We think of a kindergarten class as having a homogeneous group of same-aged, same-development kiddos. That's not true. Here's a table of birthday months [number in red] with ages, and developmental ages, that could be in a kindergarten class, last column. Consider that girls naturally have about an extra year-equivalent of "maturity," so this shows where girls would START off in comparison to the younger boys, at the purple line. Kindergarten girls would not normally act younger than that first purple line in their ability to conform to expectations within a class setting. The purple range also shows where redshirting boys would generally fall if held back.  

So in the first month of kindergarten, the class students can range from an immature boy with an August birthday who has a developmental maturity of 4, to a girl with a September birthday who turns 6 right after kindergarten starts, who has a developmental maturity of 7. 

These two children are being compared. 

By keeping the boy out for another year, redshirting him, at the start of kindergarten he is now just turned 6, developmentally 5, being compared to a girl who is developmentally 7. Still not a fair comparison, but the boy is significantly more likely to be successful. 

Redshirting actually levels the playing field academically between girls and boys.
New ‘Redshirting’ Study Reveals That Boys Are Held Back More Than Girls — and It’s Actually Helping to Close an Achievement Gap Between the Genders
That gender disparity produces the important effect of dampening achievement gaps favoring girls over boys. Cook finds that if the third-grade tests controlled for differences in age, the existing difference in scores between white boys and girls would be 11 percent greater.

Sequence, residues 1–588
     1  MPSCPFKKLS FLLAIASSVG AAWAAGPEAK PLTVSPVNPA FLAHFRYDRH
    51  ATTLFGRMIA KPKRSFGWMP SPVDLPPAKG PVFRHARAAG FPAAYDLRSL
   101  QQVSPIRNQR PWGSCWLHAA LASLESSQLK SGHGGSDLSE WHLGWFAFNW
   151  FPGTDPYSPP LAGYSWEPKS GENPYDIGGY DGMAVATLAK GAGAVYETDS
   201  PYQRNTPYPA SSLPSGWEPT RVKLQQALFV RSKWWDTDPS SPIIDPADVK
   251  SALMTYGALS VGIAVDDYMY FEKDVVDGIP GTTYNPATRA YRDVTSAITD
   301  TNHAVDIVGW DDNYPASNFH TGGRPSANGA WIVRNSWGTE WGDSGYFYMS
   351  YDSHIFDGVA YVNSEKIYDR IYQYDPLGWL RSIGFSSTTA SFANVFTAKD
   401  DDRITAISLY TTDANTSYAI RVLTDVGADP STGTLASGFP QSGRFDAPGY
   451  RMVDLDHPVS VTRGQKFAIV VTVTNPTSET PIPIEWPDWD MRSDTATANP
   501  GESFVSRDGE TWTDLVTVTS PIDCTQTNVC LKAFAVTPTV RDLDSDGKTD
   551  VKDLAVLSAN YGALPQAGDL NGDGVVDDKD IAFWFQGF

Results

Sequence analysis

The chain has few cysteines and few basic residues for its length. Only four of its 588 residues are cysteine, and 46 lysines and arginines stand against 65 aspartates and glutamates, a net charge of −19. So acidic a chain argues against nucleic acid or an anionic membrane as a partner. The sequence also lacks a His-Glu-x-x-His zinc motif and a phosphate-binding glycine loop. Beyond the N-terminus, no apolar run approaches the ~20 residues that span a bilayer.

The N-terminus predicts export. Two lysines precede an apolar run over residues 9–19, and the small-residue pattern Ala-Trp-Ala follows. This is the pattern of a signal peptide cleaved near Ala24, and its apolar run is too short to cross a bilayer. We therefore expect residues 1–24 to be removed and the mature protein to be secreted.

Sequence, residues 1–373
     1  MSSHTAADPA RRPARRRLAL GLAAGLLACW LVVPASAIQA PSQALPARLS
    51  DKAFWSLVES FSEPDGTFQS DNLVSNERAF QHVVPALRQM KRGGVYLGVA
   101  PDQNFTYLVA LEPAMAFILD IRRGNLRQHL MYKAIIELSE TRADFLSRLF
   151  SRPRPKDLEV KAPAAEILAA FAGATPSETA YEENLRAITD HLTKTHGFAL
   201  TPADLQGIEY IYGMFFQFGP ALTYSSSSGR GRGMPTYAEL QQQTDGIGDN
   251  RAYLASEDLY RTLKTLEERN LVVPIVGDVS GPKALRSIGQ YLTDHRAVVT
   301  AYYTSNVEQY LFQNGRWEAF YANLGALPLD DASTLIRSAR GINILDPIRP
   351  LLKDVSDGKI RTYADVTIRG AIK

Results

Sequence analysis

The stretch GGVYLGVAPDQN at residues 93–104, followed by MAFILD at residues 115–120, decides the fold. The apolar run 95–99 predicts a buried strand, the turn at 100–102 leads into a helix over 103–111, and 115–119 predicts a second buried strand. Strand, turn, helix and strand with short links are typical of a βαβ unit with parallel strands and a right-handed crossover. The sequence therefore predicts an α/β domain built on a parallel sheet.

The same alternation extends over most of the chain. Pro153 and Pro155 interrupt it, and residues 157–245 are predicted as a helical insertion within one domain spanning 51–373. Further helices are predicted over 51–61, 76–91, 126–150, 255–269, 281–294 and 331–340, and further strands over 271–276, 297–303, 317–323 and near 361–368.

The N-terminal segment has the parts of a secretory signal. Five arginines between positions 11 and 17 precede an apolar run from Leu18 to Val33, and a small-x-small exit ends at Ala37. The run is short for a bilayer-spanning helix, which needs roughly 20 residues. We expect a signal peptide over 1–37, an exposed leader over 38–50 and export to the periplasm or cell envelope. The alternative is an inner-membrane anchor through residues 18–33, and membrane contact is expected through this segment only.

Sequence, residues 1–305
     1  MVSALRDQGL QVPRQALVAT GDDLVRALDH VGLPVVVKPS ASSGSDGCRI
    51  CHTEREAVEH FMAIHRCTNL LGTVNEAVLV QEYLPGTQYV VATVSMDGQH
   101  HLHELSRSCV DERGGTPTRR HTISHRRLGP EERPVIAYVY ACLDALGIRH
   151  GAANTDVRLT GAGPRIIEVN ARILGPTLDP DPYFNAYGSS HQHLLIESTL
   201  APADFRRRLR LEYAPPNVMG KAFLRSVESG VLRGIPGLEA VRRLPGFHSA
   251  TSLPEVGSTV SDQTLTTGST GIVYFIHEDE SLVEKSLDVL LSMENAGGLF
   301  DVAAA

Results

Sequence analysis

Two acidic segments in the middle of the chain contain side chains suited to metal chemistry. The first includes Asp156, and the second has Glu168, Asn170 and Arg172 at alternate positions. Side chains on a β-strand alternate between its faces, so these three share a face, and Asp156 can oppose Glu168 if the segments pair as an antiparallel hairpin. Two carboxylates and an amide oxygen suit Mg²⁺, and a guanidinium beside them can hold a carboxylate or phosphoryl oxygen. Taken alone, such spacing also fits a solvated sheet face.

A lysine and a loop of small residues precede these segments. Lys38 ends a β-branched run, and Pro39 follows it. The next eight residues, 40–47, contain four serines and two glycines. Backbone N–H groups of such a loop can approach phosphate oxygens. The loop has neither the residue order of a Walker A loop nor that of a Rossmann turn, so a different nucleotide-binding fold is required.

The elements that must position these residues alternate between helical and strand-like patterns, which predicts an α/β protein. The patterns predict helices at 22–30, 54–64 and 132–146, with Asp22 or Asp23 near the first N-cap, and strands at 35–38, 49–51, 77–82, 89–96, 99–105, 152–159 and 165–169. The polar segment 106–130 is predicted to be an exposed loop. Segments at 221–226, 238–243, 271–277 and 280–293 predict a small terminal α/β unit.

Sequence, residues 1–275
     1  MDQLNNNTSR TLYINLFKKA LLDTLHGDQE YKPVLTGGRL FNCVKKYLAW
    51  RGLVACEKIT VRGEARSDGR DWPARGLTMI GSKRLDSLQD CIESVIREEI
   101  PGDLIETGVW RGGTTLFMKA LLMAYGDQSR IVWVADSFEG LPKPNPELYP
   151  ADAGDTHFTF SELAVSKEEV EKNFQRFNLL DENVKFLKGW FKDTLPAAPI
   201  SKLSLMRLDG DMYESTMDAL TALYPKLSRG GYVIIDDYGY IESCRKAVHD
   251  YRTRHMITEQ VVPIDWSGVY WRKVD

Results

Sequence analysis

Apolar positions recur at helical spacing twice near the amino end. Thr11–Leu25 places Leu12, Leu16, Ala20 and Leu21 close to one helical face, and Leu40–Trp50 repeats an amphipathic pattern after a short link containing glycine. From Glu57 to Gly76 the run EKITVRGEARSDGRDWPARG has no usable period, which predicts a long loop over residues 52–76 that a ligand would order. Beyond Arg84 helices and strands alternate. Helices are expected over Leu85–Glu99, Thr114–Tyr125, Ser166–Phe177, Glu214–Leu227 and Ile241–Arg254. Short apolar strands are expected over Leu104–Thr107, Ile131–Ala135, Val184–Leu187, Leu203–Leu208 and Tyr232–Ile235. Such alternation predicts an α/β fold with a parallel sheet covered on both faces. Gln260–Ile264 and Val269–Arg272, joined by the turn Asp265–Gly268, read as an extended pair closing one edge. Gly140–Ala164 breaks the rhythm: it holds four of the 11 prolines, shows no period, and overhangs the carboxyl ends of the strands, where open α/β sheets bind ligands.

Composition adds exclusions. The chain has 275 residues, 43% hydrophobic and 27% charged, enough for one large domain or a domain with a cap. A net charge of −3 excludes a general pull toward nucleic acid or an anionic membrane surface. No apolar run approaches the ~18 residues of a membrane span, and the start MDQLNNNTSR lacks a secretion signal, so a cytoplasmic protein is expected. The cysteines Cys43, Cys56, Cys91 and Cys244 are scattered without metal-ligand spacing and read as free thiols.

Every child is different. The last boys I sent off to kindergarten were twins 5 years 8 months. One still had a LOT of trouble sitting still, paying attention, getting his assignments done on time and correctly. The other one has flourished. 
Using data from the North Carolina Education Research Data Center, [Duke professor Philip Cook] traced the birth dates, kindergarten entry years, and academic performance of thousands of North Carolina students born between November 2003 and August 2004. Overall, about 6.7 percent of children in the state began school late...The mean effect of an extra year of age is positive, and striking.
Here's a quick chart to use as a non-scientific reference. If your child, boy especially, falls into a birthday month in the red zone, it would be a good idea to talk to your pediatrician, school administrator and research CURRENT studies on this topic. 

I just read a blog post from a woman who was strongly encouraged to redshirt her August birthday daughter by the school personnel. She didn't. She defended her choice and said her daughter thrived - academically. However, her daughter couldn't keep up physically and had trouble socially. They eventually took her out to homeschool. 

From a highschool friend who is an elementary reading teacher: